Clarke, N., Willis, M., Barnes, J., Caddick, N., Cromby, J., McDermott, H., & Wiltshire, G. (2014). A meta-study of methodological pluralism in qualitative research. Paper presented as part of the 'Pluralistic qualitative data analysis in theory and practice' symposium at the 4th International Conference on Qualitative Research in Sport and Exercise. Loughborough, 1-3 September.

    Stickley, T., Willis, M., Felton, A., Stacey, G., Diamond, B., Johnson, B., Morgan, A., Houghton, P., Dumenya, J., & Shutt, J. (2014). Shared decision making in mental health practice. Paper presented at Qualitative Research in Mental Health 5th Annual Conference. Chania, Crete, 2-4 September.

    Willis, M.E.H. & Cromby, J. (2014a). Nurse moral distress: Contexts and coping strategies. Poster presented at Nottingham University Hospitals Annual Research Festival, “Engage, Enthuse, Empower”. Nottingham, 12 June.

    Willis, M.E.H. & Cromby, J. (2014b). (Re)Enacting distress in the research interview: An affective textual analysis. Paper presented at 29th Annual PsyPAG Postgraduate Student Conference. Cardiff, 23-25 July.

    Willis, M., Lazard, L., & Callaghan, J. (2010) In Britain’s best interests? Discourses of race, place and identity in British party-political manifestos. Paper presented as part of a symposium at Qualitative Methods in Psychology Conference. Nottingham, 23-25 August.

     

    PhD Thesis

    Willis, M.E.H. (2015). Moral decisions, moral distress, and the psychological health of nurses. Unpublished PhD, Loughborough University, Loughborough.

     

    Other

    Houghton, P., Stacey, G., Felton, A., Morgan, A., Stickley, T., Willis, M., Diamond, B., Johnson, B., Dumenya, J. & Shutt, J. (2014). Power and decision making on acute wards. Clinical Psychology Bite-Size, 40. Nottingham: Nottinghamshire Healthcare NHS Trust.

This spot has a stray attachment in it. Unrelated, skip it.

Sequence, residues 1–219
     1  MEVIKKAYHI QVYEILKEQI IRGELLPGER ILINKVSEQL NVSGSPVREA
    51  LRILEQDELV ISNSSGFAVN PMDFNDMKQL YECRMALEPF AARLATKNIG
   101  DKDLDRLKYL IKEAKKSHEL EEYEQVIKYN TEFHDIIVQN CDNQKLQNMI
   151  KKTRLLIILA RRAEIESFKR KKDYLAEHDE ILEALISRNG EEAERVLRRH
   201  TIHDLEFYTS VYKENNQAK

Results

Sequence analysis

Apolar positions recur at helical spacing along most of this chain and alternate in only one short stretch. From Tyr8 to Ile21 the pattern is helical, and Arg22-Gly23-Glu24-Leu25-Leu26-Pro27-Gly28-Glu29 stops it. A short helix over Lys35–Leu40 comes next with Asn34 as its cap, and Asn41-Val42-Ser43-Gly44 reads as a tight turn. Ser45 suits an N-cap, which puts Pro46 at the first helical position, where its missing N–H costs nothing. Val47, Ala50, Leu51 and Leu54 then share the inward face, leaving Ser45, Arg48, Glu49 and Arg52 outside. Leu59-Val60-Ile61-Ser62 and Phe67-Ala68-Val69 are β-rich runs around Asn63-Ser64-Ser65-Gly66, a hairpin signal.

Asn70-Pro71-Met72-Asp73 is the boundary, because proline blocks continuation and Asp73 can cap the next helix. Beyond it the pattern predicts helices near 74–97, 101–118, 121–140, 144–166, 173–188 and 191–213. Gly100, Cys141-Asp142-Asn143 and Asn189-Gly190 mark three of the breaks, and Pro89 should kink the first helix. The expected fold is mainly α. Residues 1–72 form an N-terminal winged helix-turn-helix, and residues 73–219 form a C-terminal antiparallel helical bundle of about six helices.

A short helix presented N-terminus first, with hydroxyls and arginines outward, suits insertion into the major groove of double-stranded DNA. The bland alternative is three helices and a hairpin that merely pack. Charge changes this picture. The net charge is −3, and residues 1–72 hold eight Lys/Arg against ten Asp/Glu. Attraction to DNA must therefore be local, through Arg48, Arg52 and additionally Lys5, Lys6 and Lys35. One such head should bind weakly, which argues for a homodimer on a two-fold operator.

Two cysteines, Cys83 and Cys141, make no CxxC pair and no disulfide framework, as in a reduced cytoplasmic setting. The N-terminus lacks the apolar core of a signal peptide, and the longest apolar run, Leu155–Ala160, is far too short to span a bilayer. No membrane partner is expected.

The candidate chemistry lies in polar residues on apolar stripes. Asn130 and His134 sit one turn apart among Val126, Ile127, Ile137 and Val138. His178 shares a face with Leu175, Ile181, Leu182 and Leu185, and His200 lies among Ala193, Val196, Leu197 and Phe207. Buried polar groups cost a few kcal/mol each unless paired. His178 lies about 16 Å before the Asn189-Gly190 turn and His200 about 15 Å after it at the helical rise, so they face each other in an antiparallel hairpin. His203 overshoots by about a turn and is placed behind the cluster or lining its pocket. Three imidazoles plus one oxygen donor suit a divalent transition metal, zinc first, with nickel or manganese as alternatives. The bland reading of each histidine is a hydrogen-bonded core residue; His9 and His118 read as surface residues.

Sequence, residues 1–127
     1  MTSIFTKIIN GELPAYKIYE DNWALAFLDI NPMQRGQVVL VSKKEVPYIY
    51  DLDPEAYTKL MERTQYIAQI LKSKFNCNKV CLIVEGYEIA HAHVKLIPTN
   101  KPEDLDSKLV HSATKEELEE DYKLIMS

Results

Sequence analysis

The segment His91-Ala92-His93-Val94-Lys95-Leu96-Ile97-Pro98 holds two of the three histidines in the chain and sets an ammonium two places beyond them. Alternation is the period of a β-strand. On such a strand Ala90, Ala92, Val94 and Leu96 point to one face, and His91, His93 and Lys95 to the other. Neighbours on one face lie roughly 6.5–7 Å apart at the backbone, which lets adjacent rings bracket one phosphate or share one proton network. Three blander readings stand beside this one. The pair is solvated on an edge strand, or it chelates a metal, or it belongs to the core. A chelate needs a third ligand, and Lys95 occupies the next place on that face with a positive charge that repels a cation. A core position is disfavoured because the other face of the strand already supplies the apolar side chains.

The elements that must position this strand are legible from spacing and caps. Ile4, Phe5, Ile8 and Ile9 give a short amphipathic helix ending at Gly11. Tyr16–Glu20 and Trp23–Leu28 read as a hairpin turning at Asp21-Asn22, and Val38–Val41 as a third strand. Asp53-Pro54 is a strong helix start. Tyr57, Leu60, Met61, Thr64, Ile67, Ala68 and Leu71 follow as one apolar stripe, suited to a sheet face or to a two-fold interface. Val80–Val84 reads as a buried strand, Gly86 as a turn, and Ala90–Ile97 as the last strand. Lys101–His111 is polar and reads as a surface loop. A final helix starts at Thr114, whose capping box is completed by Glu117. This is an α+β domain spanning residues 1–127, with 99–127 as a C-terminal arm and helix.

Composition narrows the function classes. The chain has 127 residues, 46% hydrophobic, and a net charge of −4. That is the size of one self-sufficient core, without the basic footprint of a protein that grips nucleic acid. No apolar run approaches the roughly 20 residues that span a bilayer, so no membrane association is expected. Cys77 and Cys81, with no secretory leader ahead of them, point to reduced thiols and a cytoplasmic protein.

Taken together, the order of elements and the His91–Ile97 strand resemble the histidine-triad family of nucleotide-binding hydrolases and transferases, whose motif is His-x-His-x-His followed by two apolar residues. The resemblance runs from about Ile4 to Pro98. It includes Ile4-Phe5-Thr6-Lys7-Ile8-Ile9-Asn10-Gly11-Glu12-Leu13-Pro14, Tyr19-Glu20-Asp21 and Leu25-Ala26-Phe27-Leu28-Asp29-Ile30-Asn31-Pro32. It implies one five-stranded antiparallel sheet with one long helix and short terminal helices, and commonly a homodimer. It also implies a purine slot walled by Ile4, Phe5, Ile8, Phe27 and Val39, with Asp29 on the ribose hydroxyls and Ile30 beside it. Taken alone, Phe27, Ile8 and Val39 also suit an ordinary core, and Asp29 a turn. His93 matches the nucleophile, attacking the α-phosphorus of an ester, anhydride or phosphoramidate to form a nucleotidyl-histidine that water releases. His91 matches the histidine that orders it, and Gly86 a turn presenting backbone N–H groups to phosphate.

Stacey, G., Felton, A., Morgan, A., Stickley, T., Willis, M., Diamond, B., Houghton, P., Dumenya, J., Johnson, B. & Shutt, J. (2014). Shared decision making in mental health in-patient settings: Implications for practice. Nottingham: Nottinghamshire Healthcare NHS Trust.

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    Publications

    Martin’s main research interests fall within the area of social psychology. He is particularly interested in how experience or subjectivity involves relationships between our bodies and social and material contexts and the role of these relationships in shaping how people experience and manage their lives and act in contemporary society. Particular topics of interest include feelings and emotions, morality, identities, collective decision making. He has also worked on projects exploring decision-making in mental health care and occupational health psychology (specifically, workplace stress and distress).

    Martin is also keenly interested in research methodologies and methods (particularly qualitative), including ontological, epistemological, and axiological issues. He has recently been working in the area of analytical pluralism in qualitative research. Martin is also interested in the history and philosophy of psychology, including a concern for the contexts, applications and consequences of psychological knowledge and techniques; process philosophy (particularly that of Alfred North Whitehead) and enactivist approaches to mind and cognition and how these ideas can be utilized and developed in (social and applied) psychological theory and methodology.


    Interests




    PY5201 Researching Psychological Worlds 2 (qualitative methods component)

    PY5202 Applications of Psychobiology, Individual Differences & Social Psychology (social psychology component)

    PY6301/6321/6322 Psychological Research Project (project supervisor)

    PY6317 Psychology, Identity & Society

    PY7153 Conceptual & Historical Issues in Psychology (CHiPs) & Social Psychology (seminar leader)

    PY7155 Independent Research Thesis (project supervisor)

    BSc (Hons) Psychology
    MSc Psychology

     Peer reviewer for:

    •  Qualitative Research in Sport, Exercise & Health
    • New Media & Society
      Qualitative Research in Sport,
      Exercise & Health

    Teaching